Thursday, April 9, 2009

Down Right Raw (collard vegetable wrap)

When I was in school, I attended a Raw foods preparation class (dare you say cooking). This class got me turned on to all the fun ways foods can be prepared without actually raising its temperature, and how delicious and beautiful some of the dishes can be. There are all trains of thought when it comes to eating raw. Some people are more diligent about it than others, some are a big fan of dehydrating while others say keep the water in the food where it belongs, some won't let food cross their mouths or enter a recipe, which has been raised above 110 degrees at any point in its life time (this includes pasteurized foods), while others eat raw till dinner and then have something cooked at suppertime. Whatever the argument is, I agree that incorporating more non-cooked fruits and vegetables into your diet is a great way to increase over all health and well being. Whether that means eating a salad when you otherwise wouldn't, serving some chopped raw veggies as a snack, or creating one of the more elaborate Raw dinners from any of the awesome raw cookbooks (see side panel).

Since we have been on the topic of greens and I showcased collard greens yesterday, I have decided to give you one more variation of the collard green wrap. This is a raw recipe, actually one that I originally learned at that Raw class, although I have changed it and made the recipe fit what vegetables I had on hand. You can do this too, at any time with any of the recipes you find here. Most of them I just make up anyway, so have fun with it and make cooking (or not cooking as the case may be) as easy for yourself and your family as you can.

S0 I've de-stemed the collards (see previous post) and actually decided to lightly steam them. I heated about a 1/2 inch of water in a shallow pan and layed them in the water one by one for less than a minute each. You can actually see the color brighten and feel them soften to know they are done (takes about 20 seconds).To keep with the "raw preparation" I've sliced some crimini mushrooms (baby bella's as they are sometimes called) and I am marinating them in a little Braggs liquid amino acids (this is a soy based non fermented liquid sauce containing 16 essential amino acids. It is gluten free and a great replacment for tamari or soy sauce, and it's raw.)If you have a food processor with a grate attachment, grate a carrot, beet, turnip or any other similar root vegetable that you'd enjoy not cooked. I used a carrot and a golden beet, although did not have my grate attachment so did it by hand (just what you can do, sans food processor). After grating in the FP you can then make the Guacamole (less cleaning if you do it in this order). For the Guacamole I food processed 2 cloves of garlic till diced, added in 2 avocados, a little lime juice, salt, pepper and a little plain yogurt. I would have added tomato, onion or cilantro if I'd had it, but hey this is make-shift. I'm lying about the cilantro, by the way, can't stand the stuff. Here is the layered soon to be wrap. I have to admit I used a little too much spread, see the far side of the collard, you can probably do without all that. I spread some hummus, then the guac, layered on the mushrooms, grated veggies, and then added some escarole (not seen here). Simpler alternative could be: hummus spread and sliced avocado save the guacamole step, although it is delicious.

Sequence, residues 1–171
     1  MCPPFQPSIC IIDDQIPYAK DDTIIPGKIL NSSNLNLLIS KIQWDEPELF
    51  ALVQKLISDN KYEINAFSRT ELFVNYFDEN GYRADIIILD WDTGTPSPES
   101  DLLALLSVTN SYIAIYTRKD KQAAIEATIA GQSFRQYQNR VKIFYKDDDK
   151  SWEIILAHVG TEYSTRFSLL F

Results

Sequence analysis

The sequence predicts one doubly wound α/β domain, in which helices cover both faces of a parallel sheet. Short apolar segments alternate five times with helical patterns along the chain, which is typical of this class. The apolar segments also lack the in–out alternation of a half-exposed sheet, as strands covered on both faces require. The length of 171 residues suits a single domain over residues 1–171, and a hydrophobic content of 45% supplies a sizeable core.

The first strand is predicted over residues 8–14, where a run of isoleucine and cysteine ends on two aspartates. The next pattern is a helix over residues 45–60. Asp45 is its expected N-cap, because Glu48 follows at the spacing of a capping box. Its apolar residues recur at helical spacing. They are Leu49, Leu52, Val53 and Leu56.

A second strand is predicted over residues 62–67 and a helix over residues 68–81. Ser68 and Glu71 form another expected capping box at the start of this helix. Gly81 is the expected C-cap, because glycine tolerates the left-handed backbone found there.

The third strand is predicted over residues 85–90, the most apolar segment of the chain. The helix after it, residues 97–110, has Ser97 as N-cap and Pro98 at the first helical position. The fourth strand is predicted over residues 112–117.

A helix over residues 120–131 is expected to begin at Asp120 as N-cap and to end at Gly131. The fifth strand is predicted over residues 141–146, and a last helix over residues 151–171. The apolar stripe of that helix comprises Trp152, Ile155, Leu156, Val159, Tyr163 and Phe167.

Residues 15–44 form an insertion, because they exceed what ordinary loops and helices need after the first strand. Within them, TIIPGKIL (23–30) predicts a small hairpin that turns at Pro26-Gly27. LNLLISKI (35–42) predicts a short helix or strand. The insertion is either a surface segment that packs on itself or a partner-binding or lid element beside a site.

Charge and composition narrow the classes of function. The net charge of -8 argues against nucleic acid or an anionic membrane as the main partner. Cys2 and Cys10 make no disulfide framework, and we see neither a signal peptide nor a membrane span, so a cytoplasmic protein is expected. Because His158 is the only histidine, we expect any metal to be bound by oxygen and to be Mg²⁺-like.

Role it up and enjoy while making a goofy face.

Since we are still on the collard tip, I wanted to give you one last "collard tip". This works with any green. To cut easily, roll it up like a cigar and slice. Saves lots of time in wrestling with the big huge leaves and cutting yourself in the process.


Alicyn said...

Love the quick blanch tip, love the collards in my fridge in a whole new way, love the goofy face.

Hannah said...

love the guac!